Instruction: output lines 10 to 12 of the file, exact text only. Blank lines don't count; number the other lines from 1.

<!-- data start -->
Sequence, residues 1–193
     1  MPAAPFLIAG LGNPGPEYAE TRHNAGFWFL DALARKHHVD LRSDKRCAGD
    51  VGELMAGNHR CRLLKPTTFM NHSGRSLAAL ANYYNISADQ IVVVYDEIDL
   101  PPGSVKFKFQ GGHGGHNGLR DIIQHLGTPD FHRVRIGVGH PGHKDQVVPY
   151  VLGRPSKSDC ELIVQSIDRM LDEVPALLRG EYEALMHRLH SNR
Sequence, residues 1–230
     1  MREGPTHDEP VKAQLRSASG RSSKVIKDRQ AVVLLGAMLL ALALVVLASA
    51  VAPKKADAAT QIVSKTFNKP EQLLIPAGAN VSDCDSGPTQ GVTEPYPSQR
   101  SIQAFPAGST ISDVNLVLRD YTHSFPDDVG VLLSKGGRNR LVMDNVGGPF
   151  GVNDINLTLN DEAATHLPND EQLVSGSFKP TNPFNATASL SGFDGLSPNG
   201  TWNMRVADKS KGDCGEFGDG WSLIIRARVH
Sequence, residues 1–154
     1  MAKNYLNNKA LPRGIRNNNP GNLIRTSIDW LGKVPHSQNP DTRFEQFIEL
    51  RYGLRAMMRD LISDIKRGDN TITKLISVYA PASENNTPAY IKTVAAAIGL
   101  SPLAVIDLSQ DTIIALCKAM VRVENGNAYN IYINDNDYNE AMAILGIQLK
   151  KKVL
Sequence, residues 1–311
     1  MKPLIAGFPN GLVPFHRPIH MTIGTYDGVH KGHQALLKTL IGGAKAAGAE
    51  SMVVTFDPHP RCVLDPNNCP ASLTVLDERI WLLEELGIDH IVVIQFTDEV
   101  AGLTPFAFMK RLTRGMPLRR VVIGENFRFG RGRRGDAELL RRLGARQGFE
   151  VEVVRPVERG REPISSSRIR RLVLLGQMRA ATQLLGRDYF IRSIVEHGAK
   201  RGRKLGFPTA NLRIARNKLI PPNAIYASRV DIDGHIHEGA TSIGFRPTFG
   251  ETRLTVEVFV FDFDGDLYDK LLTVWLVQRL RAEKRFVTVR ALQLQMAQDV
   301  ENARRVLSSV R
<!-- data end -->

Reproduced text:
   151  GVNDINLTLN DEAATHLPND EQLVSGSFKP TNPFNATASL SGFDGLSPNG
   201  TWNMRVADKS KGDCGEFGDG WSLIIRARVH
Sequence, residues 1–154